Although parents often feel powerless caring for a child with advanced cancer, you can take steps to help meet your child's psychosocial and physical needs. As your child's cancer progresses, the needs will change. Pay close attention to your child's behavior to adjust to these changing needs.

Here are some tips to help your child experience the fullness of childhood for as long as possible:

  • Give your child time to play and engage in other age-appropriate activities, such as watching television, reading, or exploring the outdoors.

  • Encourage your child to continue attending school, even if he or she cannot attend full time. If your child must miss school for a long time, ask the teacher to have the class write letters, draw pictures, or make videos.

  • Encourage your child to maintain friendships and other meaningful relationships.

  • Encourage your child to continue setting goals. Short-term goals, such as learning to read or taking a special trip, help children gain a sense of achievement and give meaning to their lives.

  • Continue setting limits on your child's behavior and practicing normal parenting. Without limits, your child will feel overwhelmed and out of control.

  • Advocate for your child to ensure that pain and other symptoms are quickly treated.

As your child's cancer progresses and death approaches, he or she will have additional needs. Consider taking these steps during that time:

  • Give your child as much privacy and independence as possible.

  • Encourage your child's end-of-life wishes. These may include giving away special belongings, writing letters to friends, or going on a special adventure. Learn about organizations that help children fulfill their wishes before the end of life

  • Give your child time to say good-bye to family, friends, teachers, and other special people. This can be done in person, with letters, or through a parent.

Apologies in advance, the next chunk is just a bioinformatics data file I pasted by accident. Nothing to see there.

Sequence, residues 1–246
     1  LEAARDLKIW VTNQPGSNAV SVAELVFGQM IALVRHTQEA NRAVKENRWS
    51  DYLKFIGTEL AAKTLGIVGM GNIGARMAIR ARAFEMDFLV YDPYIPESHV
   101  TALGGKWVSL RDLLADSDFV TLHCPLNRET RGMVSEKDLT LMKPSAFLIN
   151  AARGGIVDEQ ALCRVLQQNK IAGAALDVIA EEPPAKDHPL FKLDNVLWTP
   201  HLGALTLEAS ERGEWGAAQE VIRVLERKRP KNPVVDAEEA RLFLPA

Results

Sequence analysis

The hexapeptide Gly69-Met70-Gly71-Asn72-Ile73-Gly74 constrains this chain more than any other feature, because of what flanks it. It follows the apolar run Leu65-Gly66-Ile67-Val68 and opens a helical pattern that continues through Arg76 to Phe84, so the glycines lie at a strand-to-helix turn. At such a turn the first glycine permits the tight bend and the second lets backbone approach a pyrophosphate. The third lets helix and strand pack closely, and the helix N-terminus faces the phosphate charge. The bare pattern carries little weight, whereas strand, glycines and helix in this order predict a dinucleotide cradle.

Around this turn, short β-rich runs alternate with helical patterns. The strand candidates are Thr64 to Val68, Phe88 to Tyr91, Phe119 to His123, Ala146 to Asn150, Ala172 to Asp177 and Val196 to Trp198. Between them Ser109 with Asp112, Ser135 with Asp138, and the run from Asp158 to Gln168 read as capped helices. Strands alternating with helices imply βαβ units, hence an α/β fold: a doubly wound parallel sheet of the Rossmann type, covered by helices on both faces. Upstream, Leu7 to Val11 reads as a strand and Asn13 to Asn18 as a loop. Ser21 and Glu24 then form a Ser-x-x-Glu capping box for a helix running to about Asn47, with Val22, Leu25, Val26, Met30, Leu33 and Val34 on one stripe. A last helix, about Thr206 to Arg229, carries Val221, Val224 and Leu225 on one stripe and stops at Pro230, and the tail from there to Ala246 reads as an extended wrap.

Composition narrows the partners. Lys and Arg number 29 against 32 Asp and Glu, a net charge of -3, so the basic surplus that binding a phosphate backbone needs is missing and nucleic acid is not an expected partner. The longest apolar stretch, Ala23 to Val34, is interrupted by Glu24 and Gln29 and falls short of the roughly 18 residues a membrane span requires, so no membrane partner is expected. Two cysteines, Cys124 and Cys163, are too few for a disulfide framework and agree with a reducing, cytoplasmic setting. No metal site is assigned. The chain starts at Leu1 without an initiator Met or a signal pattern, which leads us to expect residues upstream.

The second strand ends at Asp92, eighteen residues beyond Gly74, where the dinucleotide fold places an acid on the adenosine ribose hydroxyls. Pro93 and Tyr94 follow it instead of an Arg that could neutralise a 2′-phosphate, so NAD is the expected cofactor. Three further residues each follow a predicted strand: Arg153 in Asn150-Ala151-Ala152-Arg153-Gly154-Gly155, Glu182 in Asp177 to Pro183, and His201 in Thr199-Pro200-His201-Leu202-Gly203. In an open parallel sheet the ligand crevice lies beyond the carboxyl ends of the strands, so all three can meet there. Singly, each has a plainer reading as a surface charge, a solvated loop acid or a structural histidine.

• Make caregivers and medical staff aware of your child's ongoing physical needs, especially the need for pain management.

  • Talk about the physical symptoms and changes your child can expect as his or her cancer progresses. But avoid scaring him or her. Remind your child that the doctors and nurses will help make the symptoms better. That way, he or she can feel as good as possible. Knowing what to expect will ease anxiety and fear.

How to find support for yourself

It is not natural for parents to outlive their children. Nothing can erase the anguish and distress that parents experience caring for a child with advanced cancer. The following suggestions may help you cope:

  • Talk with your spouse, family members, or friends about your feelings and fears. It is normal to experience emotions such as anger, guilt, and frustration.

  • Seek support from a professional grief counselor, or attend a support group with other parents of children with advanced cancer.

  • Take advantage of offers for help from family and friends to ease your physical and emotional exhaustion.

  • Ask the medical staff to explain symptoms that occur close to death, such as skin and breathing changes. Knowing what to expect will help you feel more prepared.

  • Make sure advance directives and other such documents are in place before the need arises.

  • Consider making funeral arrangements and other plans—such as deciding whether to have an autopsy—in advance. By planning ahead, you can spend more relaxed time with your child at the end of life and avoid making decisions in a crisis.

  • Spend time with your child, and tell him or her how much you love him or her. Some parents, children, and other family members find it helpful to look through photo albums and share stories and memories of times spent together.

Learn more about taking care of yourself as a caregiver.

More Information

How a Child Understands Cancer

Grieving the Loss of a Child

Care Through the Final Days

Additional Resources

Hospice Net: Talking to Children About Death and Children's Understanding of Death

Children’s Hospice & Palliative Care Coalition